When you’re a pet parent, you know: a pet is more than a companion. A pet is a responsibility. When you take an animal into your heart and into your home, you make a commitment — a commitment to love them as much as they love you, a commitment to be as loyal to your fur baby as they are to you.
And, above all, you commit to making their lives as happy and healthy as they make yours. But giving your pet the best possible life is about more than ensuring their teeth are brushed, their vaccinations are up to date, and their nutrition is sound.
Rather, your best strategy for keeping your pet healthy, happy, and strong for years to come may well lie in holistic health. But what is it, exactly, and how do you know if it is right for your pet?
What Is Holistic Pet Care?
“Holistic” care is actually a pretty general term that can mean lots of different things to lots of different people, as there are many approaches to holistic health, whether you’re talking about human or pet health.
No matter how you define or practice holistic health, though, the central idea is that good health is about the whole being — the whole person or the whole pet. A holistic vet is one who doesn’t just approach care from the traditional “disease” model that informs so much of Western medical practice.
In other words, instead of focusing only on preventing or treating a particular illness or injury, a holistic vet will take into consideration all aspects of your pet’s life. This will include figuring out how factors seemingly outside of the sickness itself might have given rise to it.
For example, if your beloved Siamese is lethargic and not eating, a holistic vet won’t just prescribe some chemical pharmaceutical to increase her energy and appetite. Instead, they’ll ask questions about nearly all aspects of your pet’s life, such as whether a new pet has been brought into the home or whether there’s been some sort of change in the family’s routine.
In a nutshell, a holistic vet won’t just treat or prevent symptoms. They’ll figure out how to build a happy and healthy lifestyle for your pet to get at the root causes. They’ll see — and treat — the pet, not the ailment.
Best of all, though, holistic health does not involve eliminating traditional veterinary care. Quite the opposite. Instead, holistic health involves capitalizing on the best that Western veterinary medicine has to offer, while also supplementing that care with a more comprehensive approach to include diet, alternative therapies, and lifestyle.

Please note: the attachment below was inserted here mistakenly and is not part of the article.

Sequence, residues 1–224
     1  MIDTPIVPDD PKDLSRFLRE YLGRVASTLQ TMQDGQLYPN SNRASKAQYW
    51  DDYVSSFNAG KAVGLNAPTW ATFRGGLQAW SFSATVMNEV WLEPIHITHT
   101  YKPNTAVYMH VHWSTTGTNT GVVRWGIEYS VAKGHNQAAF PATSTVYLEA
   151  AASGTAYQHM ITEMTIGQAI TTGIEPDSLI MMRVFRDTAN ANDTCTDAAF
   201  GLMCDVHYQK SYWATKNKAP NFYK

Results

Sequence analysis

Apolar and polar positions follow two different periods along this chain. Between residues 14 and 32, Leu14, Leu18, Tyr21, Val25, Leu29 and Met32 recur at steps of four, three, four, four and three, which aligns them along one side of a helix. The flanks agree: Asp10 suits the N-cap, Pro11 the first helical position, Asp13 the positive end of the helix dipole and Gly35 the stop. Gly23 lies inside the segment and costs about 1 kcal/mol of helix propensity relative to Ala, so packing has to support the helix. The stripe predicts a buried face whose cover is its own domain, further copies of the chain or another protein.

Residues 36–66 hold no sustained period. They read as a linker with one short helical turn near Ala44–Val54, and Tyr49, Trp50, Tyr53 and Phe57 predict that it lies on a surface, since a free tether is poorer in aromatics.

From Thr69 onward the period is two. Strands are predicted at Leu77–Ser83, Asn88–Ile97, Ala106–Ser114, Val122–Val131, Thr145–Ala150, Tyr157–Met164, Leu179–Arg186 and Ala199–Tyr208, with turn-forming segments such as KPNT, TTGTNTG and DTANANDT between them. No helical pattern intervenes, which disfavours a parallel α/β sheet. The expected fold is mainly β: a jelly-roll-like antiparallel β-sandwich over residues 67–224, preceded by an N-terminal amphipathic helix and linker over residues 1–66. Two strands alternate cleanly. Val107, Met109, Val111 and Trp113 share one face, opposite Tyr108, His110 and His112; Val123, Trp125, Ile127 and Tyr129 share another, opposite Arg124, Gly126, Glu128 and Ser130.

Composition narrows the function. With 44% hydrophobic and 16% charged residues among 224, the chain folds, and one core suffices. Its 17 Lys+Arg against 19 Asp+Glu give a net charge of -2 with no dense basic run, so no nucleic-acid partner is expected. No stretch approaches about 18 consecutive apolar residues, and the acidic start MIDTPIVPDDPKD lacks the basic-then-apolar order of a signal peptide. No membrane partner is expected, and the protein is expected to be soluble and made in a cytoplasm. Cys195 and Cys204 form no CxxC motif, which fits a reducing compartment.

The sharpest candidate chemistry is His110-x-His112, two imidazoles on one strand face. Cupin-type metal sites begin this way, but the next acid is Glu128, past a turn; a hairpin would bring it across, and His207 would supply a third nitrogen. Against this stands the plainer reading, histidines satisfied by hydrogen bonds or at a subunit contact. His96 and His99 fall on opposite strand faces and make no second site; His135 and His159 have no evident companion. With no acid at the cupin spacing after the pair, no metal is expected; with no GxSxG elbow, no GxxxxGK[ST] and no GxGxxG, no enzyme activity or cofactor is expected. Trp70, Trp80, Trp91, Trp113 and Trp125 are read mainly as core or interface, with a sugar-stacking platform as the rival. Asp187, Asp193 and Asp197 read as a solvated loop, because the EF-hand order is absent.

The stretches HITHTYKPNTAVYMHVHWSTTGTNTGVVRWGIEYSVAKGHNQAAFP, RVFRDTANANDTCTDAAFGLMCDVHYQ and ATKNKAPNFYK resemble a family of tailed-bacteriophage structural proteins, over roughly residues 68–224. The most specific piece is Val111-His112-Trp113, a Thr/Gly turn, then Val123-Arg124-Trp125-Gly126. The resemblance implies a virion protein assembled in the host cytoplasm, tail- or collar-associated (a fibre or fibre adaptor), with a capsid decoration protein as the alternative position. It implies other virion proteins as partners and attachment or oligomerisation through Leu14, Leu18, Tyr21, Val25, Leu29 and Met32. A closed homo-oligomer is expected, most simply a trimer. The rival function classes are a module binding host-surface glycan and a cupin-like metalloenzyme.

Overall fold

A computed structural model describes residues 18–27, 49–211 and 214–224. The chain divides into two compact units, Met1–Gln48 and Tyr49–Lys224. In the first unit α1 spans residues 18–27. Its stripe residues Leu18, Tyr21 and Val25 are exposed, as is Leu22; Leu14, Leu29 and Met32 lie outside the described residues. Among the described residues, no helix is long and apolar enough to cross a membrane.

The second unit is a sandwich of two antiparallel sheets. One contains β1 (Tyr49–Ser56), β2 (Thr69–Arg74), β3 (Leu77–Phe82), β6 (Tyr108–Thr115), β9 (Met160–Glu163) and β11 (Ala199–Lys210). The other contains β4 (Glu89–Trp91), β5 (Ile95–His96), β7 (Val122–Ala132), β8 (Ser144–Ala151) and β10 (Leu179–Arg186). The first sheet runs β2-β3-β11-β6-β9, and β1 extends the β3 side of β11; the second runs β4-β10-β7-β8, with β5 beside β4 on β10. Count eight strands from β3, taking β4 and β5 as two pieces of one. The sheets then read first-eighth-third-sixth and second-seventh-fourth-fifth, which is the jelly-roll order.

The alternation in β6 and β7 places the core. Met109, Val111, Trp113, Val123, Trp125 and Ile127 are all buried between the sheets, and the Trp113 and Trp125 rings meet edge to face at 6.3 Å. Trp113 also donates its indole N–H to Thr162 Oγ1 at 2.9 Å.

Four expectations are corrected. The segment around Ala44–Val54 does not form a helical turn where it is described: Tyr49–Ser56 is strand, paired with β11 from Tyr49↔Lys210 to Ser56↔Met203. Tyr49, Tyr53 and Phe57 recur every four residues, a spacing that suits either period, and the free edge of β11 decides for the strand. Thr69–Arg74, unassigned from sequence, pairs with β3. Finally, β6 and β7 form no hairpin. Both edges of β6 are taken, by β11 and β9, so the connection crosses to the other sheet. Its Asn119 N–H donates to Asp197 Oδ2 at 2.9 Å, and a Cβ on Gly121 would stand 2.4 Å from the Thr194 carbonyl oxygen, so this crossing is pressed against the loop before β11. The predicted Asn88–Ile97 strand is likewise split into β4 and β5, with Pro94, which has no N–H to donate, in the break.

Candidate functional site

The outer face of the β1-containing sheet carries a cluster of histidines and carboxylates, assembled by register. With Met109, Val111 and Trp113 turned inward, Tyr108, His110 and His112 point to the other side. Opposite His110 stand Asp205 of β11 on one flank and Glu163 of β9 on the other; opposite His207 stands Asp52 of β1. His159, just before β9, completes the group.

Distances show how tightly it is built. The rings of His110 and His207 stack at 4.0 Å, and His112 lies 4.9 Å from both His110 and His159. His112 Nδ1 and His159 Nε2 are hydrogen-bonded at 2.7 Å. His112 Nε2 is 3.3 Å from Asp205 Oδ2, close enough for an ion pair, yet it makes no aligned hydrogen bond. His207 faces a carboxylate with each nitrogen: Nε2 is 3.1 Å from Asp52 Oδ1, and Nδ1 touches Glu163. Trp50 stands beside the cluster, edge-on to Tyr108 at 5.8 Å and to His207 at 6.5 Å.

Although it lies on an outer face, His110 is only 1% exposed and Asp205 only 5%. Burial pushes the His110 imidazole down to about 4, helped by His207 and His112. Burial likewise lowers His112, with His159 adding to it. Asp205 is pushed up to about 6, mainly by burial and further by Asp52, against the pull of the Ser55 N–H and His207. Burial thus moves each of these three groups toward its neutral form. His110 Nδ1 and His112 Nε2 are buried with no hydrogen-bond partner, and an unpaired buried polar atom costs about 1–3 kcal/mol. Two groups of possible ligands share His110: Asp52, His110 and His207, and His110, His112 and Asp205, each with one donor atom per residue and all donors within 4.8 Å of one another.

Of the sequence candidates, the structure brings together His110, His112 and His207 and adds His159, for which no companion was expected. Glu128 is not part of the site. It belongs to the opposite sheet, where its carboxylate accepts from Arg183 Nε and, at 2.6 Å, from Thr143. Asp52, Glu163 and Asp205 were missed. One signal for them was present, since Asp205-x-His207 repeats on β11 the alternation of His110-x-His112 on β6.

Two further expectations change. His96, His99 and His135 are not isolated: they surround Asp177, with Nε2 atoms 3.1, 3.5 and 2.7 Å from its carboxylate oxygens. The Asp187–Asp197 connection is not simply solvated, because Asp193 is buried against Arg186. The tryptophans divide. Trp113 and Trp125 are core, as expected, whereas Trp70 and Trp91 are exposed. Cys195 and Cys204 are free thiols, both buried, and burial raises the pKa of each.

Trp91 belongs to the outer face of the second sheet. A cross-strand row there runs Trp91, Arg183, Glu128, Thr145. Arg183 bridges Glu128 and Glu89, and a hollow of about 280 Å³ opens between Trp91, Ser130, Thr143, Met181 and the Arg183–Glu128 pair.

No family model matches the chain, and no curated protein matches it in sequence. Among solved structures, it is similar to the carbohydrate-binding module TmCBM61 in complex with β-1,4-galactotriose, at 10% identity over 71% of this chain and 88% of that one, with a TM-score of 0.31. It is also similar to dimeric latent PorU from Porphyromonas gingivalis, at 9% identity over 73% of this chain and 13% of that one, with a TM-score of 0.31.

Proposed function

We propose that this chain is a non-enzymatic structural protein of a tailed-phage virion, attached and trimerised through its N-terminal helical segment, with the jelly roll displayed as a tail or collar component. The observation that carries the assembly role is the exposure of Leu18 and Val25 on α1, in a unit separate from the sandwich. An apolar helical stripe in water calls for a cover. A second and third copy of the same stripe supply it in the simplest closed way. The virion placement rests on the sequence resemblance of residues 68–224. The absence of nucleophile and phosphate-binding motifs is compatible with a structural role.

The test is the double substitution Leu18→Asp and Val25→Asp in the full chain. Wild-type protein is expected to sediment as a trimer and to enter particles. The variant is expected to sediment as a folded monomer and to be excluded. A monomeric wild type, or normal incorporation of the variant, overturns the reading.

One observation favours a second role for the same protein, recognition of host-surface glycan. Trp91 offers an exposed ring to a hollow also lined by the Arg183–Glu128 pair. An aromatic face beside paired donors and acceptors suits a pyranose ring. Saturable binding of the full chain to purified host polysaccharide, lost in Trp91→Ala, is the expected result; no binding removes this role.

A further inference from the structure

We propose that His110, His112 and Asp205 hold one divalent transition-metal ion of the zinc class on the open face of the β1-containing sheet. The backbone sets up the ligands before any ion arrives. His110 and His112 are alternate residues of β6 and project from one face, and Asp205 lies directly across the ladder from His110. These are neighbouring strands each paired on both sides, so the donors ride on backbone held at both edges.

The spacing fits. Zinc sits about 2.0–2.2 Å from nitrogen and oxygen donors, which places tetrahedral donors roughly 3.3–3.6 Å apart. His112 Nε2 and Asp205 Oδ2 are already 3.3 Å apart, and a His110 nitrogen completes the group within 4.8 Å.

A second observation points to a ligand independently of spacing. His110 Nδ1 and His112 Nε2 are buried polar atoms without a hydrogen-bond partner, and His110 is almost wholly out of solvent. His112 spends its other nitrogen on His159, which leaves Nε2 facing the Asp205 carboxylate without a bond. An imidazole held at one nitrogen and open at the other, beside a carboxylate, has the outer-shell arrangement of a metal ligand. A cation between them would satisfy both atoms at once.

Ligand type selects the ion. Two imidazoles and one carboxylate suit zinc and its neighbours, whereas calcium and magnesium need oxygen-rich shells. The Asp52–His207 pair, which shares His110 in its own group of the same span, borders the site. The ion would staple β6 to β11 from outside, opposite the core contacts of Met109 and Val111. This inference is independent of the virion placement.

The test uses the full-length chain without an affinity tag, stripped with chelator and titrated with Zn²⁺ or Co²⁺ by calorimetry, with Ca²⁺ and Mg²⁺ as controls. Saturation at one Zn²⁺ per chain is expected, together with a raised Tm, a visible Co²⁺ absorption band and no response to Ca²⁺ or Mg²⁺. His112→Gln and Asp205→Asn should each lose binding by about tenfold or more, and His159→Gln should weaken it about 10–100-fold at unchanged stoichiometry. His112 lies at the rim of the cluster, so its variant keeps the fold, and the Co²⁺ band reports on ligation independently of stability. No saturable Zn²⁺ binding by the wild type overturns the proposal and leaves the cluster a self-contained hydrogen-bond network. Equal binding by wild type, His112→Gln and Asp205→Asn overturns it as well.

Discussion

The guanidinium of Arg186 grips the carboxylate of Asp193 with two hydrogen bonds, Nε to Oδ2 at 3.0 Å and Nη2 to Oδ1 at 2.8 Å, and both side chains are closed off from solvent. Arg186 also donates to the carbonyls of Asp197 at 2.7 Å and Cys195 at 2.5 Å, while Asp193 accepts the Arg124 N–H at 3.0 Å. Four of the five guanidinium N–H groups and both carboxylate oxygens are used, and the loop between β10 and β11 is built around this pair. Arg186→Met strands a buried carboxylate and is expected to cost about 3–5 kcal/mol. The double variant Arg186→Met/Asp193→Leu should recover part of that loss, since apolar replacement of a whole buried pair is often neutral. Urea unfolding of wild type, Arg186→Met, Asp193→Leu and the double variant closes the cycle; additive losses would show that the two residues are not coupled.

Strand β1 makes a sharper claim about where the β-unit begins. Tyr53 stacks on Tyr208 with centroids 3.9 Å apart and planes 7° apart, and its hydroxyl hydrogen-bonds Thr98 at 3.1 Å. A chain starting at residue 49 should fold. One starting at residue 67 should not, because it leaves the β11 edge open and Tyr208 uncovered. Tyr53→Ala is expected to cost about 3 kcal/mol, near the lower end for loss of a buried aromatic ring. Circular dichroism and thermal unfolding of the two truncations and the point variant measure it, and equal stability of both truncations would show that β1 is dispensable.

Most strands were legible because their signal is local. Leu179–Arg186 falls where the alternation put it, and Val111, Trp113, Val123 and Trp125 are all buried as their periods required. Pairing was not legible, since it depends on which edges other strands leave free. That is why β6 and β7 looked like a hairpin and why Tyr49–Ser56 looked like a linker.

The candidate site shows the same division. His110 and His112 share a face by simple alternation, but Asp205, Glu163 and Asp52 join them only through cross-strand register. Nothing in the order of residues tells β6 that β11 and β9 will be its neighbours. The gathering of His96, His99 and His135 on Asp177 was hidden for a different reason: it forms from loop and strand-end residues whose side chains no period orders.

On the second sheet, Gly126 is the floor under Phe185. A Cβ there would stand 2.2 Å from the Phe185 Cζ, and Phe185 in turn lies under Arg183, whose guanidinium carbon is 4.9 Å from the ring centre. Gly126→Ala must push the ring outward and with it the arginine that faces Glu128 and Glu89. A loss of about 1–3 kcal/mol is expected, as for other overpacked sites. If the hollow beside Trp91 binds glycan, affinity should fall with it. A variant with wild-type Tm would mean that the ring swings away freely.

The Benefits of Holistic Care
Proponents of a holistic approach to pet care celebrate not only its efficacy but also its safety. And there is a pretty substantial body of evidence to support this. After all, holistic care places significant focus on natural remedies, which means that treatments often have far fewer side effects than traditional therapies.
For example, the kratom plant is increasingly being used by holistic practitioners to treat significant pain in dogs. Best of all, the supplement has not been shown to pose the same risks that commonly prescribed opioid-based analgesics do, including the risk for life-threatening kidney and liver diseases.
But holistic health is about far more than using herbs, plants, and other natural remedies to prevent or treat your pet’s illness. Holistic health is also about lifestyle, and that means looking to an array of alternative strategies to keep your fur baby feeling good and living well. You might opt for acupuncture, chiropractic treatment, or aromatherapy for older pets with orthopedic issues, for example.
When you’re practicing holistic health with your pet, you can also get creative, focusing on healthy and fun activities you can share with your pet. Camping, for instance, is a terrific activity you can enjoy with your dog — just make sure to plan ahead to keep your pet safe in the great outdoors.
Ensure your pet is up to date on her vaccinations and do a bit of research on the area to confirm the site is pet-friendly. And then, get out there with your fur child and enjoy the fresh air, sunshine, exercise, and companionship — it’s perhaps the best holistic remedy there is!
As immense as the benefits of holistic healthcare may be for your pet, there are also some potential drawbacks to be aware of. First, just because a remedy is “natural,” and just because it appears to be safe for humans, does not necessarily mean that it is safe for pets.
Lilies, for example, can be deadly for cats, frequently resulting in lethal kidney failure. Likewise, even seemingly innocuous foods, such as grapes, raisins, onions, and garlic, can cause life-threatening reactions in both dogs and cats.
So always do your research, and remember that, just because it comes from the earth, doesn’t mean it’s safe for your fur baby.
And while you’re developing your pet’s holistic health regimen, also bear in mind that, if you have pet insurance, certain holistic treatments may not be covered under a standard plan. Again, do your homework, exploring your options for expanding coverage to meet your baby’s specific needs.
When you love a pet, you would do anything to keep them healthy, happy, and well. Holistic healthcare can be the greatest tool in your toolbox for giving your fur baby the wonderful life she deserves!